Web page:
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GDS 360: LEGO Engineering & LEGO Robotics

At their base level, LEGOs are simple units of basic geometry that can be assembled in a variety of ways. And yet when kids hold these little blocks with their distinct colors, shapes, sizes, and connecting regions and turn them into a working machine, a bridge that can hold weight, or a structure from their imagination, LEGOS become a powerful teaching tool. In the GDS 360 program, LEGOS challenge kids to communicate ideas in a tactile and practical way, develop negotiation and problem solving skills, and share their imaginations with their friends.

For our PK/Kers, the challenge is not always in the design. Their challenge is often in understanding how to connect the bricks with enough force for them to stick together, but not so much force that the structure breaks. While developing their fine motor skills, students are figuring out ways to make their imagination ideas come alive.

In the 1st-2nd LEGO Engineering class, students are challenged to recreate architecture or try new building techniques: creating stronger/longer bridges, taller/sturdier towers, assembling vehicles from wheels and axels, and creating 3D polygons (cubes/pyramids/square pyramids) using only square or rectangular bricks. The students rely on each other and on some suggestions from the teacher to overcome design challenges and to apply already developed techniques to new ideas (e.g., the method of overhanging Legos to create a staircase can be used to create pointed pyramids when revolved about an axis).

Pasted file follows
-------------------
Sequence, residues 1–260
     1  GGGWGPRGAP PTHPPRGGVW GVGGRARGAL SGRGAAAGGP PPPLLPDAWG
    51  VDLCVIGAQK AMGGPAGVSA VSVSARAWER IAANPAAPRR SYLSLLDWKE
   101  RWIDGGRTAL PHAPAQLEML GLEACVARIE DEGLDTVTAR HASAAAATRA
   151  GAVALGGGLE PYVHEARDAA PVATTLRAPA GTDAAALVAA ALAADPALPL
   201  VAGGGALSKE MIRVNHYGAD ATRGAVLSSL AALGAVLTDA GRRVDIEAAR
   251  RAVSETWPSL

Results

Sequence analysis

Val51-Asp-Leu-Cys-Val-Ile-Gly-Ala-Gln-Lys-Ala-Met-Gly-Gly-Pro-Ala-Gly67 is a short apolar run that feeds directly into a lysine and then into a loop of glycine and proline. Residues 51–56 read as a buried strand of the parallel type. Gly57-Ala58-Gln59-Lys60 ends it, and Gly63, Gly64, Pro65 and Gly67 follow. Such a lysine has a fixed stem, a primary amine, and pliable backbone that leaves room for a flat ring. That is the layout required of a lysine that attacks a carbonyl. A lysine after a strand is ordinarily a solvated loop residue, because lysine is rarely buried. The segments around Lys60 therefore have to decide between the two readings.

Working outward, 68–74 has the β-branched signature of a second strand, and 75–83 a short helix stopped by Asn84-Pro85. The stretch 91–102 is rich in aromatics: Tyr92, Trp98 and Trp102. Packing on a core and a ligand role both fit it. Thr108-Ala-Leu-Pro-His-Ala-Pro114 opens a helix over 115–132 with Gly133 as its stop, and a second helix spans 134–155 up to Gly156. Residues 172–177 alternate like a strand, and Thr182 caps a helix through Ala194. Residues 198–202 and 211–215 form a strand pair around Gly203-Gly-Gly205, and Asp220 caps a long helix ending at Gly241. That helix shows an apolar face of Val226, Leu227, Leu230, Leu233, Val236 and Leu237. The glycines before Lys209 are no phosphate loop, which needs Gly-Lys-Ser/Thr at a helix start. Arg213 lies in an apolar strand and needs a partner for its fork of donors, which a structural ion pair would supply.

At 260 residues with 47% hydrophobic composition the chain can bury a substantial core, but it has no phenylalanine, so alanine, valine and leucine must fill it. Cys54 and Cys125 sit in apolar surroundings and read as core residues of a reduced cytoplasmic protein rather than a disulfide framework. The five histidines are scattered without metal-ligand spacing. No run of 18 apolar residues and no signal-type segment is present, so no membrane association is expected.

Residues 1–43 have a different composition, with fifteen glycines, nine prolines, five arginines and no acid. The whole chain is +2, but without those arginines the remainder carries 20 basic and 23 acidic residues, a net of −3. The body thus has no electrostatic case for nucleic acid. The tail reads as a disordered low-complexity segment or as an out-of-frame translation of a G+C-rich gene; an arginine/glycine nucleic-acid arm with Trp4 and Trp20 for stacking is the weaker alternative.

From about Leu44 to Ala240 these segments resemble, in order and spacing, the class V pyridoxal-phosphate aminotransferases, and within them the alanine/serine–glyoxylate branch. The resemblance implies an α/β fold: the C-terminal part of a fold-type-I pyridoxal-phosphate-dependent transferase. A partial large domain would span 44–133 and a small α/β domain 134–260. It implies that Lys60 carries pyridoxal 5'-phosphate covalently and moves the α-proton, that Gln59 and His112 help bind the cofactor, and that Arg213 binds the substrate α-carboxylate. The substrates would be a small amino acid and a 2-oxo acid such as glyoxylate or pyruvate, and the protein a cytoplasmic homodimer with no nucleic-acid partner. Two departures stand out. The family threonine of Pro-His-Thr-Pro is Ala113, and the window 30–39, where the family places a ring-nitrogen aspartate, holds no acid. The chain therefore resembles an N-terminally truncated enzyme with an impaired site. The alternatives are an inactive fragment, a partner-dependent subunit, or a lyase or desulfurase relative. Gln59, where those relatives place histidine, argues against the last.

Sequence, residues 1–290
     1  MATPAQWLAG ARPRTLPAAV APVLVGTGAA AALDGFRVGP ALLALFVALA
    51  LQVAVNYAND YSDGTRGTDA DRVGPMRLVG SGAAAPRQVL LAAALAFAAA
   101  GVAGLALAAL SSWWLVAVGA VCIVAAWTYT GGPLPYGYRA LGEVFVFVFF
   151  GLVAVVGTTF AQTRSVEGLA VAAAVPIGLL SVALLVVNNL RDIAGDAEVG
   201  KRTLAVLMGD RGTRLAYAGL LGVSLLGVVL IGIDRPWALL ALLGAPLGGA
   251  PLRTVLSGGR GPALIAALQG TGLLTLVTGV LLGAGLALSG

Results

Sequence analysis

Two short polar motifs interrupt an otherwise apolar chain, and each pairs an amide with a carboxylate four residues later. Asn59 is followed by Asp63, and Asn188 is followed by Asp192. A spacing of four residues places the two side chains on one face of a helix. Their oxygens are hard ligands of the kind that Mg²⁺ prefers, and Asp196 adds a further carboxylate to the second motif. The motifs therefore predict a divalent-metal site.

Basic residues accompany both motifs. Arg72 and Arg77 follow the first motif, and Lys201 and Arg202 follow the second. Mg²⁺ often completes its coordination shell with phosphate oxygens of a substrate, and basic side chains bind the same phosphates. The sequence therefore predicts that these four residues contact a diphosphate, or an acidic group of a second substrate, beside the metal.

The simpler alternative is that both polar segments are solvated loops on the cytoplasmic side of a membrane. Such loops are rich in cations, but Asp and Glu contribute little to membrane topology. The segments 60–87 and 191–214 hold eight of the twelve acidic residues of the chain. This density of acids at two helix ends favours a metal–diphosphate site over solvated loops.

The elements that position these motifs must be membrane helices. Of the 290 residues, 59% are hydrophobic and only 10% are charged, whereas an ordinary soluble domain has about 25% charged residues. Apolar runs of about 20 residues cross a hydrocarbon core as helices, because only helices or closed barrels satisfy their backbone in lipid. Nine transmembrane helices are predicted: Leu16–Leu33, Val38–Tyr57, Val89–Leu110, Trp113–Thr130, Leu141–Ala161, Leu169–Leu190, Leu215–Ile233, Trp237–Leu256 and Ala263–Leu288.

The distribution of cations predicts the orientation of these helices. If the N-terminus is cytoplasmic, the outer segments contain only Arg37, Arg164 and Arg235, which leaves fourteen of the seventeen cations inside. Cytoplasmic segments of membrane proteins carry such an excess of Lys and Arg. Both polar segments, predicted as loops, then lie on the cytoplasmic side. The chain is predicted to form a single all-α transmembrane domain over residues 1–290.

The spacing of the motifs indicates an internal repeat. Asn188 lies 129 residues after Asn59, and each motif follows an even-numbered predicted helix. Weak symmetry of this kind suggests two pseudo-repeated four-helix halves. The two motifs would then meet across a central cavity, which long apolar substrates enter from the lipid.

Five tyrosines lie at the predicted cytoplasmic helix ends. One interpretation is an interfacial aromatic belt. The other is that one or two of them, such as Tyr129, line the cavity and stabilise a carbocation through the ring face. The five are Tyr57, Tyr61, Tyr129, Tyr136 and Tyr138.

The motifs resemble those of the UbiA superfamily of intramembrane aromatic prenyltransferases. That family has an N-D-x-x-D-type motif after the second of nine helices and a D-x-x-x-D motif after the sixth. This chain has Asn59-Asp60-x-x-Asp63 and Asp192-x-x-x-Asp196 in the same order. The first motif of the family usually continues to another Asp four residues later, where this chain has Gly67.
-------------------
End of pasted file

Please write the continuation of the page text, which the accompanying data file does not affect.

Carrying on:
LEGO Robotics (3rd-5th) is designed to challenge students to develop the skills to observe and connect static and kinetic parts with the intent of transferring motion and actions. This course pushes students to observe and use the simple machines, like gears, axels, and pulleys. Challenges at this stage include designing catapults, creating a car where both rear wheels are indirectly connected to a single motor, and creating assemblies to mount motors and gear systems. This group then transitions into using LEGO Mindstorm Programmable robot kits where students must synthesize both the vessel and programming.

When students express ideas and emotions in traditional classes, it is often through words, art, etc. GDS 360 LEGO classes give students an opportunity to create the stage, characters, and narratives—developing their fine motor skills and constructive mindsets while expanding their linguistic and communication skills in a fun and challenging way.

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